ST. LOUIS — The climate deal reached last week by Senate Democrats could reduce the amount of greenhouse gases that American farmers produce by expanding programs that help accumulate carbon in soil, fund climate-focused research and lower the abundant methane emissions that come from cows.
The bill includes more than $20 billion to improve the agriculture sector’s impact on the environment, mostly by expanding existing U.S. Department of Agriculture programs that help farmers change to better practices. Farmers would be paid to improve the health of their soil, withstand extreme weather and protect their land if the bill is enacted.
The roughly $370 billion climate and energy spending deal would bring the country closer to cutting greenhouse gas emissions in half by 2030, according to new analyses. That is something many scientists say is important, and that President Joe Biden promised. Sen. Joe Manchin, D-W. Va., a long-time holdout on climate legislation, endorsed measures that would benefit electric vehicles, renewable energy and climate-friendly farming. Agriculture is responsible for 11% of the country's climate-warming emissions.
The funding would expand programs favored by both environmental groups and the agricultural sector, said Ben Thomas, who focuses on agriculture at the Environmental Defense Fund.
“They are voluntary, they are incentive-based, they get results in terms of implementing conservation practices on working lands,” said Thomas. “It’s great to see.”
Thomas said historically, the agricultural sector has not aggressively tackled its contribution to climate change, but that hesitation has shifted in recent years and more money will accelerate progress. There's a lot of potential, he said.
“It is worth taking very, very seriously,” Thomas said.
Cows belch an enormous amount of methane and agriculture is responsible for more than one-third of human-caused methane emissions, according to the U.S. Environmental Protection Agency. This is a way that people's diets — if they are high in meat or dairy — contribute to greenhouse gas buildup. The bill directs funds towards altering what cows eat to reduce those emissions.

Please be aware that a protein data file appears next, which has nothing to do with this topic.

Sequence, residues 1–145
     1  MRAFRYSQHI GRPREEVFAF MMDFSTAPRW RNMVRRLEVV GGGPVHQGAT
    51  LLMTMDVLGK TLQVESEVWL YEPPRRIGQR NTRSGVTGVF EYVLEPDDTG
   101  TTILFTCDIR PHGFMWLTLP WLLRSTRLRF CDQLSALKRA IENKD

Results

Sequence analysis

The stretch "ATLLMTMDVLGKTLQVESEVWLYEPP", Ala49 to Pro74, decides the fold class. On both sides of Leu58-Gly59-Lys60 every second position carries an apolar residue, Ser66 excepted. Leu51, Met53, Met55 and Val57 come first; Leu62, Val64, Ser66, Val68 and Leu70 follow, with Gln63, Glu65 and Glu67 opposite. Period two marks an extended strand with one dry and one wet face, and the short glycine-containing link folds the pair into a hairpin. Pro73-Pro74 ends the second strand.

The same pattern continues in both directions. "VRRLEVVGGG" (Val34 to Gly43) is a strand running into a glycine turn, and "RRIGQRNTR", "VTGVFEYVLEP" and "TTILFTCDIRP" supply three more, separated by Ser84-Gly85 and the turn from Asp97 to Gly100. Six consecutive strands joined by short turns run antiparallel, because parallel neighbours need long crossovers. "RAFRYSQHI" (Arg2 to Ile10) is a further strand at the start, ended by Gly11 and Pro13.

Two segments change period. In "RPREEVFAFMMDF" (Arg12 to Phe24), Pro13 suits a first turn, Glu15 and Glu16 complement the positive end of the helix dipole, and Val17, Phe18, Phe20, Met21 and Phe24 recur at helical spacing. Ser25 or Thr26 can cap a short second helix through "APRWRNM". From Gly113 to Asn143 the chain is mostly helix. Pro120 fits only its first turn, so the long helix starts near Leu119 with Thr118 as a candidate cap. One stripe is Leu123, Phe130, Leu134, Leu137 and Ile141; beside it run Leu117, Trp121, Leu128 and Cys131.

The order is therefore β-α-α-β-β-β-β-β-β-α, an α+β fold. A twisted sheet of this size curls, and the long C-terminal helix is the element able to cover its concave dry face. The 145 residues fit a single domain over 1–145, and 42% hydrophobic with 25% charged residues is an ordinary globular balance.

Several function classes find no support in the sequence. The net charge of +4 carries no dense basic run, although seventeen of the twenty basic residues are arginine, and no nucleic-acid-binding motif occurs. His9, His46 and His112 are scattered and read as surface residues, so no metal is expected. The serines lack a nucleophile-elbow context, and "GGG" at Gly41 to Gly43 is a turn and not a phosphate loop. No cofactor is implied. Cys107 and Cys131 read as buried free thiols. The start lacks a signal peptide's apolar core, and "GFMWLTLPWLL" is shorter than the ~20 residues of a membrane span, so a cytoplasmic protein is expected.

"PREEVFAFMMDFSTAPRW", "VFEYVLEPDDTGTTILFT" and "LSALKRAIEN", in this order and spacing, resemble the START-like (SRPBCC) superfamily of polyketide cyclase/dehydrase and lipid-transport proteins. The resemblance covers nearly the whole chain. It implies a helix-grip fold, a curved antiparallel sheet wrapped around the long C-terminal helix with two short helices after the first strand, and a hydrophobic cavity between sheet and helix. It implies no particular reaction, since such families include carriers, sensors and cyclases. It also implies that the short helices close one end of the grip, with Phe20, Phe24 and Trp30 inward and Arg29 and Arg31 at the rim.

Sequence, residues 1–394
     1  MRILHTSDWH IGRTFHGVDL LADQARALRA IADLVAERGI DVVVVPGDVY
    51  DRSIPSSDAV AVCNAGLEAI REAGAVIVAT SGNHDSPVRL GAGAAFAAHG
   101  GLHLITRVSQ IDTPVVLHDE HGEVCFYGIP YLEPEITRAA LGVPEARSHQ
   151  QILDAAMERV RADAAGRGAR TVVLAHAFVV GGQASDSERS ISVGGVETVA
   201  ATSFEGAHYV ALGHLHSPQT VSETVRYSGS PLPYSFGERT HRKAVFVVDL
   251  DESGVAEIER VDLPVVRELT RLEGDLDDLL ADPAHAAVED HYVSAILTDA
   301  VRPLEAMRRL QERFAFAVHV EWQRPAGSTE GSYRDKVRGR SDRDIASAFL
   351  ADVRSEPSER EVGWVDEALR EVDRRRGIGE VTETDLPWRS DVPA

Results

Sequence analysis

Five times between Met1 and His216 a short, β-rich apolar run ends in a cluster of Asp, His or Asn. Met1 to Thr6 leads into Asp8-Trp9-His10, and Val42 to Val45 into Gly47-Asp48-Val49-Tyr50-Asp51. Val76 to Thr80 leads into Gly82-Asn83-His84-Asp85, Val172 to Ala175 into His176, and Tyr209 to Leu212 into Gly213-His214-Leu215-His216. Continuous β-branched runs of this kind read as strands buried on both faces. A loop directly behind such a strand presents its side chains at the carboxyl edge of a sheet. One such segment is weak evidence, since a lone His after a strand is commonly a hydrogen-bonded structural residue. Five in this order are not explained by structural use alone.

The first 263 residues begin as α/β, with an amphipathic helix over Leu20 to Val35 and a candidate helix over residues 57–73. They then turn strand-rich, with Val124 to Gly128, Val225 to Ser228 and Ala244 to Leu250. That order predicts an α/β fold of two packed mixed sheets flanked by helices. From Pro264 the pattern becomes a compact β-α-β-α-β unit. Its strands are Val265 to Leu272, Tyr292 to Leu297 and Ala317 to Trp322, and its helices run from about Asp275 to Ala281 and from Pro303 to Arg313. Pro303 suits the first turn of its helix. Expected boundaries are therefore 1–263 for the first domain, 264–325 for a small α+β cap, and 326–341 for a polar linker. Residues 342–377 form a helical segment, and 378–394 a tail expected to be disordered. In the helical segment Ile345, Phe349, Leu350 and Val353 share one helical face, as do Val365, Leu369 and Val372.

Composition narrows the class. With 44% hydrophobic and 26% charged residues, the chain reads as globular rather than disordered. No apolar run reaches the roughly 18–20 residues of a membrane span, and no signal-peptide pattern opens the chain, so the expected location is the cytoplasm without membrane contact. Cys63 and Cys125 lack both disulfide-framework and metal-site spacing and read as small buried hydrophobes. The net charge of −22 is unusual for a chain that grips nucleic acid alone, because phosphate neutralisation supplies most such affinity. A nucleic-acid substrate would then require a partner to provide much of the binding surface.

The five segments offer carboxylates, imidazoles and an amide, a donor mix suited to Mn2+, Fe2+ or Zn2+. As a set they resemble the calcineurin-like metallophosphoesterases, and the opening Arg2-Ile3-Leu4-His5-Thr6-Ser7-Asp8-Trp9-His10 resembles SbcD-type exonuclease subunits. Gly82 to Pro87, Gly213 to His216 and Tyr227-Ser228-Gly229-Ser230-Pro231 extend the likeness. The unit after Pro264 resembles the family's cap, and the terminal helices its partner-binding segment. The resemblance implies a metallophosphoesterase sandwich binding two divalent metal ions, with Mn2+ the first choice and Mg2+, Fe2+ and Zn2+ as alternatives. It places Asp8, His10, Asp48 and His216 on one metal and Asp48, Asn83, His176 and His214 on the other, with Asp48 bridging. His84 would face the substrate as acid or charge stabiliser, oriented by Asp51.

On farms, soil can hold or sequester carbon if it is left undisturbed and covered by a crop. Money from the bill will expand programs that help farmers turn their soil less, implement climate-friendly crop rotation practices and plant cover crops that aren’t for harvest but improve soil health.
“The historic funding validates the fact that these practices are important,” said Ranjani Prabhakar, an agriculture and climate policy specialist at the environmental group Earthjustice
Cover crops, for example, are only used by a fraction of farmers. If their use were to triple — from around 5% of cropland to 15% — it could remove the equivalent of 14 megatons of carbon dioxide per year, roughly the total annual emissions of New Hampshire, according to Kevin Karl, a flood food and climate researcher at Columbia University.
“The adoption rate is so low,” Karl said. “There’s a lot of potential improvement.”
Federal officials already offer farmers help with a variety of environmentally-focused issues including irrigation and fertilizer use. One program helps fund conservation easements for agricultural land.
Dan Sheafer works on nitrogen research with the Illinois Fertilizer and Chemical Association and operates a 20-acre farm. He plants cover crops and keeps soil disturbance to a minimum — practices that benefit soil health and reduce soil erosion. But he said cover crops also have drawbacks, requiring farmers who want an environmental benefit to change their practices.
“There's just more time involved with doing cover crops,” he said.
The bill also includes money for research. While it is clear that managing soil properly can capture carbon, more needs to be known about important questions like how long sequestered carbon stays in soil.
Kaiyu Guan, a professor focused on climate and agriculture at the University of Illinois at Urbana Champaign, said some people believe farmers don’t pay enough attention to climate change.
“I think farmers shouldn’t be blamed, they actually should be incentivized,” Guan said. “Not only are they doing this to be part of the solution to help the climate, they are doing this to help their land."